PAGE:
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Can SSRIs Save You From Stress and Anxiety?

SSRIs, or selective serotonin reuptake inhibitors, are a type of antidepressant commonly used to treat both depression and anxiety disorders.

Anxiety medications have their place, but they shouldn't be the first choice you make with your anxiety nor should you only use a medicine, since medicine alone can't cure anxiety. But if you are going to take some type of medication, SSRIs are one of the most common options.

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Choosing Medicine

It should be noted that medications are always a bit risky. In some cases the side effects are worth the risk. In others, it is strongly worth trying alternative treatments that do not use medications, since of course medications affect the brain. Make sure you take my anxiety test before reading onward.

How SSRIs Work

Medicines known as reuptake inhibitors increase the amount of particular neurotransmitters in the brain by preventing unused neurotransmitters from moving back into the pre-synaptic neuron. Selective serotonin reuptake inhibitors, or serotonin-specific reuptake inhibitors - as they are also known - increase the amount of the neurotransmitter serotonin in the brain.

Serotonin has many roles in the body, including the regulation of your appetite, your sleeping patterns, your body temperature and your memory. It also plays a primary role in regulating your mood, which is the main reason why supplemental serotonin, the most common form of antidepressant, is prescribed for people experiencing anxiety or depression. People of both the male and female gender with anxiety disorders exhibit lower levels of serotonin than normal.

Types of Anxiety Approved for Treatment with SSRIs

There are two types of anxiety for which SSRIs are regularly prescribed. The SSRI treatment recommendations for each type of anxiety are as follows.

  • Generalized Anxiety Disorder (GAD) For people with generalized anxiety disorder, the National Institute for Health and Clinical Excellence (NICE) recommends SSRIs only as a secondary measure, when self help and therapy fail to produce an adequate response. They are shown to have a modest to moderate effect on GAD, and are equal in effectiveness to other types antidepressants prescribed for this disorder, such as dopamine reuptake inhibitors. GAD is characterized by persistent, excessive and uncontrollable worry about more than one specific issue that lasts for 6 months at minimum.
  • Obsessive-Compulsive Disorder (OCD) SSRIs are recommended by NICE as a secondary measure for OCD adults who are only mildly impaired by their disorder, but as a primary measure for OCD adults who are moderately to severely impaired. For children with OCD, SSRIs are recommended only as a secondary measure even if the child is moderately to severely impaired due to the potential risk factors involved, which will be discussed in the following section. If a child is given SSRIs for their OCD, they must be closely monitored by a professional while undergoing treatment to avoid any problematic psychological effects. Obsessive compulsive disorder is characterized by intrusive thoughts that often result in repetitive behaviors, as well as distress when the repetitive behaviors cannot be or are prevented from being carried out.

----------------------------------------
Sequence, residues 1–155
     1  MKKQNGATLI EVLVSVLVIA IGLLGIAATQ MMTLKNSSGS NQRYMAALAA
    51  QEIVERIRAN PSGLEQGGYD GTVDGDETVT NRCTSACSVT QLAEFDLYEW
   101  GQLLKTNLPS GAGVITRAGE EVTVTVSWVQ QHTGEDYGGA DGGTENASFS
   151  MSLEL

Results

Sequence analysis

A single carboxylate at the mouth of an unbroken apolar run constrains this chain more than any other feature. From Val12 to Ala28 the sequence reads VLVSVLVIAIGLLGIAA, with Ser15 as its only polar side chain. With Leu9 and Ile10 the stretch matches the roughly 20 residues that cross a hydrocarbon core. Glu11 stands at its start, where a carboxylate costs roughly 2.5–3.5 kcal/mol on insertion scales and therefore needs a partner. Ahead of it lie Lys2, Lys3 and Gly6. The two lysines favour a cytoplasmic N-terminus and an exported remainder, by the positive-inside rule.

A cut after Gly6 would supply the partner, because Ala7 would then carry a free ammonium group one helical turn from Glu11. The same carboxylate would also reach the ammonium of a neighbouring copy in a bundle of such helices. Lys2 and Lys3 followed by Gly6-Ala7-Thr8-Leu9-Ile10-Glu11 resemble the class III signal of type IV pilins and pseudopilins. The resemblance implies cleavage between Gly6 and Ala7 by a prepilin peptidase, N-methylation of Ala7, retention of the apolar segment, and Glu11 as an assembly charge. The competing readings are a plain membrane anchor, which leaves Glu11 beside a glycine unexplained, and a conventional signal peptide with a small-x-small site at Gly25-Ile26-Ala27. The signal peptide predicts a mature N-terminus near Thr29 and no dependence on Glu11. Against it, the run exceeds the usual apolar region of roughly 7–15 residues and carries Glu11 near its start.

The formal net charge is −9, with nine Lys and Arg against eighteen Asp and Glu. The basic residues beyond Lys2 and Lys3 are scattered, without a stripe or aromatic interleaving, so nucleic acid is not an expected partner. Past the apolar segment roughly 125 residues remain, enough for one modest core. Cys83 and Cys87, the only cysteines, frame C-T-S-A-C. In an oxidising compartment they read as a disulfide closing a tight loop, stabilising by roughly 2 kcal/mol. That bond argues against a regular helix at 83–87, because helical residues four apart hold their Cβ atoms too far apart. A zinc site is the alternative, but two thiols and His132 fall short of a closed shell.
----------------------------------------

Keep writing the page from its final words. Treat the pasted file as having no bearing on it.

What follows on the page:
SSRI Side Effects

Over the course of the 1-4 weeks that it takes for most people to adjust to SSRIs, almost all SSRIs will have one or more temporary side effects. The possible short term side effects of SSRIs during these initial weeks are listed below.

  • Nausea/Vomiting
  • Drowsiness
  • Headache
  • Vivid dreams
  • Diarrhea
  • A roughly 7 lb shift in body weight (either up or down)
  • Dizziness
  • Tremors
  • Increased anxiety or depression
  • Suicidal thoughts
  • Cognitive disorders

If you find that you are experiencing one or more of these side effects and that it further impedes your functionality, your may be able to switch treatment to a different SSRI to avoid that particular effect.

SSRIs also have some long term side effects as well. Possible long term side effects of SSRIs include:

  • Sexual Dysfunction Sexual dysfunction occurs in between 17-41% of SSRI users (3, 4). In some cases, it can continue even after treatment has been terminated. Due to this side effect, SSRIs are sometimes used to treat premature ejaculation.
  • Cardiovascular Effects These side effects are rare, but it has been suggested that electroencephalographic monitoring be used as a preventative measure for individuals with pre-existing cardiovascular problems.